Apple beats CEO Tim Cook and others overpaid lawsuit

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A federal judge on Wednesday dismissed a lawsuit that alleged Apple overpaid Chief Executive Tim Cook and other top executives by tens of millions of dollars by miscalculating the value of performance-based stock awards.

U.S. District Judge Jennifer Rochon in Manhattan said the iPhone maker described its payment methods in detailed compensation tables as required by securities laws and U.S. Securities and Exchange Commission rules in its 2023 proxy statement.

Rochon also found no evidence that Apple's board of directors acted improperly in awarding the pay and that the plaintiff, a pension fund affiliated with the International Brotherhood of Teamsters, did not give the board enough time to consider its objections before filing suit.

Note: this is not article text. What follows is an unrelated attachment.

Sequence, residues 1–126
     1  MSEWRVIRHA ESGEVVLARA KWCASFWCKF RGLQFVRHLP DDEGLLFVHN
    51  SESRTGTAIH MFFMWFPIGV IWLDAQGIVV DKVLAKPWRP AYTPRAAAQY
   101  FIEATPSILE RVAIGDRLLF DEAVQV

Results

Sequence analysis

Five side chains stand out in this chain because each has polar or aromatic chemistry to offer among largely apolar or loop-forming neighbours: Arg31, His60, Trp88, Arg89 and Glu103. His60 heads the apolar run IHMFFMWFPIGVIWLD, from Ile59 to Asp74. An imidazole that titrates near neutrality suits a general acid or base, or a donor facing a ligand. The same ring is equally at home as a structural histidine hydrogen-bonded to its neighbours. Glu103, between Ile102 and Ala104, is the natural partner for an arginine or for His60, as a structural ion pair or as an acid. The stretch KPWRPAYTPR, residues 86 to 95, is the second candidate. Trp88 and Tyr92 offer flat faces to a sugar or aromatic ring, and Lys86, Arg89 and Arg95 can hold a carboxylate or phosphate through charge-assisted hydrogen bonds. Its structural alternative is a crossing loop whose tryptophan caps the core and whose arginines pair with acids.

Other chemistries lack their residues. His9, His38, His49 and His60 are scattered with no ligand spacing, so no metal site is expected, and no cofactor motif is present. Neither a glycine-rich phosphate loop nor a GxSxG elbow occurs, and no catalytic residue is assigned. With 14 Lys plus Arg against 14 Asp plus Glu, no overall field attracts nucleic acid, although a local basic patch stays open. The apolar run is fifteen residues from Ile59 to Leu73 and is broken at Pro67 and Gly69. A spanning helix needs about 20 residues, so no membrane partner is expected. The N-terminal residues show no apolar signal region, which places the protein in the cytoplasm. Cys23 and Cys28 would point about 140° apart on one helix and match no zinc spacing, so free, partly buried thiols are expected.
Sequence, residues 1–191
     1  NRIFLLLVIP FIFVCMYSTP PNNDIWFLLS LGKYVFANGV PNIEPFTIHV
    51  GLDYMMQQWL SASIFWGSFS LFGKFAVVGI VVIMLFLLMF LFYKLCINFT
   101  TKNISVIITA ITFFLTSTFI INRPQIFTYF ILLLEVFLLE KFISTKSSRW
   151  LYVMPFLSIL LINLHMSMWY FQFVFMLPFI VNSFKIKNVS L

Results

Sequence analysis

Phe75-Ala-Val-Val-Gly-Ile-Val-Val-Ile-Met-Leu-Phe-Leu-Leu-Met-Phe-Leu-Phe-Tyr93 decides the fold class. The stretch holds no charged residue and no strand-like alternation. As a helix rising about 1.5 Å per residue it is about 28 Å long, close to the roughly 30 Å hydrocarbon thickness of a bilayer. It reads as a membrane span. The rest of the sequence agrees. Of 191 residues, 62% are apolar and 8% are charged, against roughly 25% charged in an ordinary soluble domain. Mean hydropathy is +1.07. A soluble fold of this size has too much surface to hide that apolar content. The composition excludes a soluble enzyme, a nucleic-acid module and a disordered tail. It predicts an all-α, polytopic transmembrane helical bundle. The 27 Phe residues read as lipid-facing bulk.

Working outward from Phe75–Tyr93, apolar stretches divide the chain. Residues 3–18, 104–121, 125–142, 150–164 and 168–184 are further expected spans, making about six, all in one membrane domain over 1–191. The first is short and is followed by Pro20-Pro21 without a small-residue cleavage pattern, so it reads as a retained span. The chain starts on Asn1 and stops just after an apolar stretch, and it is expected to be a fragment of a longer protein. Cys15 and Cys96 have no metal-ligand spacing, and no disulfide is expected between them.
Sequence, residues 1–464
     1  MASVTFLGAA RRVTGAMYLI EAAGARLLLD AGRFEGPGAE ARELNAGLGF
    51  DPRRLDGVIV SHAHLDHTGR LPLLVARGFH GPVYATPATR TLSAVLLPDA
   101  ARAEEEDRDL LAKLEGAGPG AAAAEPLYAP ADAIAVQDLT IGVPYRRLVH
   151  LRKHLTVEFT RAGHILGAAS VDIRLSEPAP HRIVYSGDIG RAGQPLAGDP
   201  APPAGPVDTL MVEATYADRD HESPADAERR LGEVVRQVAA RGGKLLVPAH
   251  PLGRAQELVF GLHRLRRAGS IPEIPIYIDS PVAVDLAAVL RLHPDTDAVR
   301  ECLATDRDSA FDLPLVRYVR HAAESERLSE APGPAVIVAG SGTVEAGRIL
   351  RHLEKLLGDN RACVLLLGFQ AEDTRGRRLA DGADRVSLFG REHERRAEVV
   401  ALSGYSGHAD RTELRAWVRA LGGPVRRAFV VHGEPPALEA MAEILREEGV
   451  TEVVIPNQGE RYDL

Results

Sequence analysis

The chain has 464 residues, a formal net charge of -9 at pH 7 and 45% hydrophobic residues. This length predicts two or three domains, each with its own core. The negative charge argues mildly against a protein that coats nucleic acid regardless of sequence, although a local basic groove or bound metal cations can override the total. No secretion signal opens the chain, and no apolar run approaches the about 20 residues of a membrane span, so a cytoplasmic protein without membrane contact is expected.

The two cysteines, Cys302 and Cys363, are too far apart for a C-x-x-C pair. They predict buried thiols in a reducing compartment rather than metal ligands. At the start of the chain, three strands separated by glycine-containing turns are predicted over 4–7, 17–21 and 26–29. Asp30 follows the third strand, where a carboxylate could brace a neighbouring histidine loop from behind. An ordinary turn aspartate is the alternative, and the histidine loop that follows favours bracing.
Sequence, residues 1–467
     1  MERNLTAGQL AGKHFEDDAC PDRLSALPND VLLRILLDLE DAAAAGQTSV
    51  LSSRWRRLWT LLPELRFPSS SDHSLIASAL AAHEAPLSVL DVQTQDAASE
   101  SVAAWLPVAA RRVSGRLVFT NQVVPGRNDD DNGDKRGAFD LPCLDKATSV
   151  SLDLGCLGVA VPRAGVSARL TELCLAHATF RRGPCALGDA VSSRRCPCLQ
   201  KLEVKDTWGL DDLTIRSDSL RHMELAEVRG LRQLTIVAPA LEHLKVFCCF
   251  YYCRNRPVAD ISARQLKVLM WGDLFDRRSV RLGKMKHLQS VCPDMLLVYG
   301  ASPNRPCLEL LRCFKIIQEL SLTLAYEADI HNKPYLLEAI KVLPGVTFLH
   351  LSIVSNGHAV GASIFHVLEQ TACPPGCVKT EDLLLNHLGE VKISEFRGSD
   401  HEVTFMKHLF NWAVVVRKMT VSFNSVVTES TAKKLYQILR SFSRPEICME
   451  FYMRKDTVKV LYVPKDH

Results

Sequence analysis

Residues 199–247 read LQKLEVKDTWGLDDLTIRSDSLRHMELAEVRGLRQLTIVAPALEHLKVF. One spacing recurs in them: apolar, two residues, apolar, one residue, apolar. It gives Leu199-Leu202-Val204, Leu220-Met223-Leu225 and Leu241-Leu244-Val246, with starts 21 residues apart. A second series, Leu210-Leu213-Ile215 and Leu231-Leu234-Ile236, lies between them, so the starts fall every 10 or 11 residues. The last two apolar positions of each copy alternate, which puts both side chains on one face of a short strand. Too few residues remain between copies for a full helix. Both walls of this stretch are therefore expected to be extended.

Lawyers for the pension fund did not immediately respond to requests for comment.

Apple awarded Cook and four other executives $92.7 million and $94 million in performance-based restricted stock units in 2021 and 2022, respectively, but its compensation committee intended to award only $77.5 million each year, the plaintiffs said.

The alleged error was attributed to the committee's miscalculation of the fair values ​​of the RSUs at the time of grants, and said it misled shareholders casting advisory votes on executive compensation, known as “say-on-pay.”

Cook's compensation will be about $99 million in both 2021 and 2022, including stock awards of more than $82 million each year, Apple proxy filings show.

His total salary drops to $63.2 million for 2023. Four other Apple executives were each awarded more than $26 million over each of the three years.

The case is International Brotherhood of Teamsters, Garage Employees Local 272 Labor Management Pension Fund v Apple Inc et al, US District Court, Southern District of New York, no. 23-01867.

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